TALK: BEYOND AUDIOVISUAL TRANSLATION … WHERE ACCESSIBILITY SERVICES ARE TAKING US
WORKSHOP: 1+1=1 READING TECHNIQUES FOR AUDIOVISUAL TEXTS
Professor at the College of Humanities and Social Sciences Translation and Interpreting Institute (TII), Josélia Neves has a degree in Modern Languages and Literatures, an MA in English Studies, a PhD in Translation Studies, with a dissertation on subtitling for the deaf and the hard of hearing. She started her career as a language teacher but soon moved on to teaching in the domain of Translation Studies and Audiovisual Translation. Parallel to her teaching activities, she has worked as a freelance translator as a means to keep abreast of the developments and requirements of the field.
She has led a number of research projects with partners in the media, museums and cultural venues, the performing arts and education. Her special interest lies in developing action research projects that contribute towards making communication environments accessible to all. While living and working in Qatar, she continues to collaborate with European Universities both as a visiting professor and a researcher. She is a member of the TransMedia Research Group and a board member of the European Association for Studies in Screen Translation.
BEYOND AUDIOVISUAL TRANSLATION … WHERE ACCESSIBILITY SERVICES ARE TAKING USWhen we think of audiovisual translation (AVT), traditional language transfer types, such as subtitling and dubbing, come to mind. In a similar way, if we are to add audio description and SDH/captioning to the package, audiovisual translation is addressed as media accessibility. In an effort to adjust to existing translation paradigms, we place AVT comfortably within Jakobson’s triad as a complex combination of interlingual, intralingual and intersemiotic translation and we accept that AVT is mainly about making sound visible and image audible. Accessibility services have come to challenge our understanding of these traditional notions, particularly when we address AVT as one of the components of complex products, such as museum artifacts or books that may be transadapted into formats that may be accessed beyond sight and hearing.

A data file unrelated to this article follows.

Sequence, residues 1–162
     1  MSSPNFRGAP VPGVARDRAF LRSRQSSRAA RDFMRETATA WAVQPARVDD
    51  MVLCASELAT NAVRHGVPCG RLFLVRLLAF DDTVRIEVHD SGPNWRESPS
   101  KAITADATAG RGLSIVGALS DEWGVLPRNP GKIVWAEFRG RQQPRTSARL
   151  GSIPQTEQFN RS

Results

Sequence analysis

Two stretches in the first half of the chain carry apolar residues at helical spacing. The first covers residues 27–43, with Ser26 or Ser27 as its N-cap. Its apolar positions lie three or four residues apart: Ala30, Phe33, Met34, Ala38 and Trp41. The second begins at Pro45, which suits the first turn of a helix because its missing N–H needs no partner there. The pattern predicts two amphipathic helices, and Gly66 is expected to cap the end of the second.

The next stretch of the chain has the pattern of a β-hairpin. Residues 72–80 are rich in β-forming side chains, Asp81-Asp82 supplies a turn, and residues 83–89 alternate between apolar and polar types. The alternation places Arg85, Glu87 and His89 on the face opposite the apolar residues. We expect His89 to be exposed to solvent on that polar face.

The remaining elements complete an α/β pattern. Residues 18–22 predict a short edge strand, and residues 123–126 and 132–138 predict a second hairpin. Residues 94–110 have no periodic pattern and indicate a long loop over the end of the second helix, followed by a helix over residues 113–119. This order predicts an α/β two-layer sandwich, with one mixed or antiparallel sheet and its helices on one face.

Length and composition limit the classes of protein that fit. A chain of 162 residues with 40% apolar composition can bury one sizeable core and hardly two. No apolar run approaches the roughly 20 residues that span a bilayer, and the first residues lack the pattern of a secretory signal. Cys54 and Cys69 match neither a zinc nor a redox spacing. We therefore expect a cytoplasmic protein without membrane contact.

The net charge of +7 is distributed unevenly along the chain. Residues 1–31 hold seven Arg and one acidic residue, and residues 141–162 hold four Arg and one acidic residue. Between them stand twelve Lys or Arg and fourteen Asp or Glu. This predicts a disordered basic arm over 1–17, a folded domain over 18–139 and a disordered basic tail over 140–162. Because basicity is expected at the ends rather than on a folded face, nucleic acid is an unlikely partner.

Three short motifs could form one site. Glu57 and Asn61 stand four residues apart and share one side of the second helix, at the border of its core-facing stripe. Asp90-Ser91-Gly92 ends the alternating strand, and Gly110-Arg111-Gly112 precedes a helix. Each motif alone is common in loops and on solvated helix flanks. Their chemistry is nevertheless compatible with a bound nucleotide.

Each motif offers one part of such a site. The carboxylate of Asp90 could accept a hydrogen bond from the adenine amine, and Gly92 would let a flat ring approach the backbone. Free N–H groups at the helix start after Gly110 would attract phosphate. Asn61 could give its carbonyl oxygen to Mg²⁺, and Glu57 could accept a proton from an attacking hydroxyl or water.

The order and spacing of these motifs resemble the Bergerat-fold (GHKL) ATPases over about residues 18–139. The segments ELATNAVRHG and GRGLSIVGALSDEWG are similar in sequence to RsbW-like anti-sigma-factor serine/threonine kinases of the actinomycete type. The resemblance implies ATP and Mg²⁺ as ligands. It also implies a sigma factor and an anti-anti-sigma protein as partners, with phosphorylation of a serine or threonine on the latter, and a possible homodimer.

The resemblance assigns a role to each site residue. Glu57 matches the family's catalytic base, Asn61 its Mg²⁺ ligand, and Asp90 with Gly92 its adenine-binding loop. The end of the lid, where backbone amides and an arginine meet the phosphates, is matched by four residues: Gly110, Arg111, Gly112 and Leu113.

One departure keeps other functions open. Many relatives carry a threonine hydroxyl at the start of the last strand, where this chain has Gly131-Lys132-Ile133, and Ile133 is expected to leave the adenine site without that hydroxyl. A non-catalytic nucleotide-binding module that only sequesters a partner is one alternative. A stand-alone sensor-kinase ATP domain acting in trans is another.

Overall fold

In this presentation we will walk through the journey AVT has taken in the last twenty years to arrive at the present moment, which may be characterized as a crisis point. We will detain ourselves in the challenges that come with emerging accessibility services to understand how AVT is growing beyond itself, while still remaining very much what it has always been: the way in which messages are mediated for the senses.